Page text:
From prenatal groups to yoga studios and the diagnosis and treatment of infertility, prejudice is  Finding yourself in an already lonely and vulnerable place and then have every ad, poster, #ttcgroup and app with only the faces of white cishet women, is neither empowering nor comforting. This was very much my experience when I was looking for support for my miscarriage at 22 years old. Seeing webpages and helplines with the faces of older, happily married white women, left me – a young black woman – feeling more alone and unseen than ever. It was clear, these spaces and support were not for me.

We must also acknowledge the lack of representation of practitioners. There are a large number of Black health and wellbeing professionals, but they are rarely given as much space as their white counterparts.  The importance of cultural competency of healthcare professionals cannot be denied. 

Being seen, or not as is often the case, impacts both the physical and mental wellbeing of black women. Again, black women find themselves erased from a space that should and could be a welcome oasis.

3. Under-treatment of pain and other symptoms

From breaking our arms to childbirth, black pain is consistently under-treated (Reynolds et al 2020). With even the Beyonces and Serena Willams’ of our world being silenced and ignored when they’re at their most vulnerable (giving birth), is there any hope for the rest of us?

50% of white healthcare professionals still believe that black people have a higher pain threshold than white people (Hoffman et al 2016; Reynolds et al 2020). This belief stems back to slavery when white people spouted it as truth to acquiesce inhumane brutality, pain and experiments on black people.

To say that black women “die” or “suffer” is a passive truth: racist, capitalist and sexist policies can kill black women if they decide to give birth and if they decide they do not want to give birth.

Black lives matter because black death and pain didn’t don’t. It’s 2020, and this is the current state of affairs.

What can you do?

Here are a few resources to get you started. However, please remember that they are just a small part of the work that goes into being actively anti-racist, educating yourself and changing the system.

Sign petitions

Follow & support

Here’s a list of reproductive health platforms and people addressing racial disparities in reproductive healthcare.

  • Decolonising Contraception – A community-based organisation created by black & people of colour (BPOC)* working within Sexual & Reproductive Health (SRH). Instagram. Website. Donate.
  • The Womb Room – This community works in collaboration with organisations and individuals to engage people of all ages to think critically about reproductive and menstrual well-being and the ways in which a lack of knowledge and understanding can contribute to inequitable outcomes for people with periods. Instagram. Website.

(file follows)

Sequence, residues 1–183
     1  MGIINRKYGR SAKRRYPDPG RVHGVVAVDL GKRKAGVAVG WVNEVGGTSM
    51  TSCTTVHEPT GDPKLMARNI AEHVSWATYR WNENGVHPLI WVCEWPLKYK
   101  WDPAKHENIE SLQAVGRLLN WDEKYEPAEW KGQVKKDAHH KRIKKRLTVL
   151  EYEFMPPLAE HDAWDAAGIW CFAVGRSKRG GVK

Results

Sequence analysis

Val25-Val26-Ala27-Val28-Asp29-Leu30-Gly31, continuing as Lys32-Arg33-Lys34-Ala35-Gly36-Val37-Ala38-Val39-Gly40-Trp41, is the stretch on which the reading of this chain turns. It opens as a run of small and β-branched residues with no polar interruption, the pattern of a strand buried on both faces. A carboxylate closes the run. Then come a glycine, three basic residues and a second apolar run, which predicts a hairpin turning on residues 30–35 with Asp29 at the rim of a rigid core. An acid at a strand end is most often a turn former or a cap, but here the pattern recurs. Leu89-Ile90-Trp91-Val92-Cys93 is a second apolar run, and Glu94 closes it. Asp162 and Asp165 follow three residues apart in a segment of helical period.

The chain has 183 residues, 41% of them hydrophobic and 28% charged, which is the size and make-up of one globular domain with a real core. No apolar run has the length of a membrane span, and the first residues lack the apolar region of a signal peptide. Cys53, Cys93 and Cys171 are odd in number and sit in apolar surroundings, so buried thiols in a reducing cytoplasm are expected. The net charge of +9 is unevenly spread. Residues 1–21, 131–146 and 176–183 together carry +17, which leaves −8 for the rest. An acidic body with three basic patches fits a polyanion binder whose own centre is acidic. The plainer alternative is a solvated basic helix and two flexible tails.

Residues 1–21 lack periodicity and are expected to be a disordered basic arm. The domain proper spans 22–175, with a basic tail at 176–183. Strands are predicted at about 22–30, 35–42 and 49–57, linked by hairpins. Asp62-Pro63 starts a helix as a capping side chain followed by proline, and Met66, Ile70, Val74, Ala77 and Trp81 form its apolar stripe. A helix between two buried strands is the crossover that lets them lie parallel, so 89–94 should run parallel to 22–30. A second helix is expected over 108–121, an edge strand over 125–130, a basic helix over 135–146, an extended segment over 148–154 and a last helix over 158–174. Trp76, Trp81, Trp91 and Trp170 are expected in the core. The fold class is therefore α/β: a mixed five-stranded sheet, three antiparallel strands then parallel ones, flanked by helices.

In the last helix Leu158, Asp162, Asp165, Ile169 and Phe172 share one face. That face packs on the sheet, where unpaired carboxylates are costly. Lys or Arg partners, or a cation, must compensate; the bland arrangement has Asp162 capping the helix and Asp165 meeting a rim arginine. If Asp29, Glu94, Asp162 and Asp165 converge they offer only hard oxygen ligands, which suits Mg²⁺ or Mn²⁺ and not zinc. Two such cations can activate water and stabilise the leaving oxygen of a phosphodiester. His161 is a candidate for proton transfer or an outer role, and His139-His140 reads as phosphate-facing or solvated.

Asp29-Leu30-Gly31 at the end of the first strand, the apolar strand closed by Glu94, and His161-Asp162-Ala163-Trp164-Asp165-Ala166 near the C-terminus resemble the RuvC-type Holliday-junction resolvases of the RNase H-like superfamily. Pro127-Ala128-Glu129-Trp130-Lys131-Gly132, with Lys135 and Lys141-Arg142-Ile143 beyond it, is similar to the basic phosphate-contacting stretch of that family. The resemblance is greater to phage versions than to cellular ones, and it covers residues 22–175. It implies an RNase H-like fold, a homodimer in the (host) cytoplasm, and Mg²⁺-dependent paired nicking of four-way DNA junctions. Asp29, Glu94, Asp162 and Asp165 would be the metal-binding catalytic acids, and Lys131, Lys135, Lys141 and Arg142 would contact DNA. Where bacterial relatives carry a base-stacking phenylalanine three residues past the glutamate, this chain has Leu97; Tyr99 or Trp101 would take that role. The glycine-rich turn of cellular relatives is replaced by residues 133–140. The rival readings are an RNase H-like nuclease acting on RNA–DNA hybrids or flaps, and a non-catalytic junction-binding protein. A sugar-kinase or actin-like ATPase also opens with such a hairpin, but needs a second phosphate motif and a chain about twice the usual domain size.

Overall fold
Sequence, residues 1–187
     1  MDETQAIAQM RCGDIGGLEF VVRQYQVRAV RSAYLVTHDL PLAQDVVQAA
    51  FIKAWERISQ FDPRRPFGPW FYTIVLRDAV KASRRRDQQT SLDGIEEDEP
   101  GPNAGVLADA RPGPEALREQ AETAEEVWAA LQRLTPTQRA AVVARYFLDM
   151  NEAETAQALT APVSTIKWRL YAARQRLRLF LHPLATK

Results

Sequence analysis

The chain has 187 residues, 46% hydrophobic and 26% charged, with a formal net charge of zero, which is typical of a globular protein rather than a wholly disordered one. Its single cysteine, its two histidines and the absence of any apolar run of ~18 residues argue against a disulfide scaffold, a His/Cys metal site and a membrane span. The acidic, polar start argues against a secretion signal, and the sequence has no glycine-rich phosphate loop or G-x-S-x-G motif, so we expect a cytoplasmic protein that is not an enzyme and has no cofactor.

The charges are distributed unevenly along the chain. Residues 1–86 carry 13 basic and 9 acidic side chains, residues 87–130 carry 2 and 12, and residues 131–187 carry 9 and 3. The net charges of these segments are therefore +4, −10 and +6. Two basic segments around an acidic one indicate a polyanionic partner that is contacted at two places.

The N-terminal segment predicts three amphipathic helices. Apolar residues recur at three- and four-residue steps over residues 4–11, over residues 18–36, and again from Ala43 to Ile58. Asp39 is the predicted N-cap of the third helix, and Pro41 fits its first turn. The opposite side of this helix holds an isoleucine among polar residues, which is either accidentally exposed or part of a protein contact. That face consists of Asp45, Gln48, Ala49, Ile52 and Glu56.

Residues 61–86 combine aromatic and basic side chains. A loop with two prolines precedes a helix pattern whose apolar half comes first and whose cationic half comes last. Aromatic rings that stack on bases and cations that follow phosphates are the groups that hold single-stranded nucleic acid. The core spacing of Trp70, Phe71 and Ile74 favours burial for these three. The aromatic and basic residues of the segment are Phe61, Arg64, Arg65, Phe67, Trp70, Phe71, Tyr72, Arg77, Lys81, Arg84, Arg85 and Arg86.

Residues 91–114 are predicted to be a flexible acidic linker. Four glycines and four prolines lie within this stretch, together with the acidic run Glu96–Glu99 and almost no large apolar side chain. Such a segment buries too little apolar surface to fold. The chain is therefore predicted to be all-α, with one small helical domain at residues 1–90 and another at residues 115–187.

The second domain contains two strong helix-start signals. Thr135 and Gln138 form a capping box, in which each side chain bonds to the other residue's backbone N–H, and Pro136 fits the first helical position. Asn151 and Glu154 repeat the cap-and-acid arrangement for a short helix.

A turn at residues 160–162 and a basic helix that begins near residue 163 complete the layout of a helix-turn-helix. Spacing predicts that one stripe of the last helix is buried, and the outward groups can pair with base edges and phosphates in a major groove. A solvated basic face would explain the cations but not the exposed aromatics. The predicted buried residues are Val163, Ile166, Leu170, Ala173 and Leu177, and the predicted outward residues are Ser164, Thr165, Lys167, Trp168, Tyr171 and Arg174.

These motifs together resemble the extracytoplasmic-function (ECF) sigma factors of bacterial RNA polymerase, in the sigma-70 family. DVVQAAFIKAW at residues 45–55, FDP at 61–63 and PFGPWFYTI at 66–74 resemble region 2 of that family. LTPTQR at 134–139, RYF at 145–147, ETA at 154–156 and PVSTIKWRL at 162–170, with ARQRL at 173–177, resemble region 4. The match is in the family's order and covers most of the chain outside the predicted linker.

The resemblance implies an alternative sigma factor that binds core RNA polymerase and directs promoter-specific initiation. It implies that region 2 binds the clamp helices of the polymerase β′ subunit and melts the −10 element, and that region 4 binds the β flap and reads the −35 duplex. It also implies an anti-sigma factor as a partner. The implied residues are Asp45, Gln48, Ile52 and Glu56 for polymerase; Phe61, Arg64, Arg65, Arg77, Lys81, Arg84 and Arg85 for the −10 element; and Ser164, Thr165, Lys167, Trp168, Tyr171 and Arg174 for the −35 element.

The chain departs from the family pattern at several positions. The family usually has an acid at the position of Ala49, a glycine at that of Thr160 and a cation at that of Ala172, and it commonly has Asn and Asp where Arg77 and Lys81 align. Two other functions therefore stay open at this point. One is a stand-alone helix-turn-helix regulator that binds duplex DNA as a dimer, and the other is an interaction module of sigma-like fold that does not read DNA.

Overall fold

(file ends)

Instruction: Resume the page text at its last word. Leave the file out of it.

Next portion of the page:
• Cysters Group – A Charity changing the narrative on reproductive and mental wellbeing, striving for equal healthcare for marginalised groups. Instagram. Website. Facebook.
  • Kenny Ethan Jones – Wonderful black trans model, activist and writer advocating for gender equality and change within the reproductive health space (especially around periods). Instagram. Website.
  • Abuela Doulas – Black-owned, founded and created UK doula course. Training doulas with cultural competency to better support people through the perinatal period. Instagram. Website. Donate.
  • #FiveXMore – Campaign to raise awareness about the mortality rates of black women during pregnancy and birth. Instagram. Website.
  • Birthing in Colour – A birth group for Black & Asian women to gather and explore all topics Bump, Birth & Beyond. Instagram. Website. Donate.



The Decolonising Contraception reading list is a treasure chest of articles written both by the founder Dr Annabel Sowemimo and other prominent voices in the sexual and reproductive healthcare (SRH) community.

Another one of my favourite publications is Salty. An intersectional, perfectly ‘imperfect’ feminist online publication. Here are a few articles that may be of interest to you:


What will we do?

A note from Adia co-founder, Lina Chan

Things need to change. We need to address the racial disparities in reproductive healthcare and services for the most vulnerable people in society. This means reducing and removing the health disparities experienced by black women, members of the LGBTQ+ community and people with disabilities.

Moving forwards, we will:

  • Address our own bias and continuously hold ourselves accountable. This is a marathon, not a sprint and we’re prepared to go the distance.
  • Learn more about racial disparities in the area of reproductive healthcare and use this to lead improvements in the way we support our community.
  • Become better allies to the black women in our community.
  • Hold space for the black women on our team and in our community to share their expertise, stories and be instrumental in guiding our strategy.
  • Sign petitions and write to our MPs because these studies cannot be forgotten. We will do all we can to ensure they become a catalyst for change at a political and societal level.
  • Talk more about race as a brand, on our platform, and as experts in the area of reproductive health. We can only be true experts if our work addresses the racial disparities and intersectionality within our field. It is all of our responsibility to talk about race and to take a stand against institutionalised racism. This has been going on far too long and we will not be silent anymore.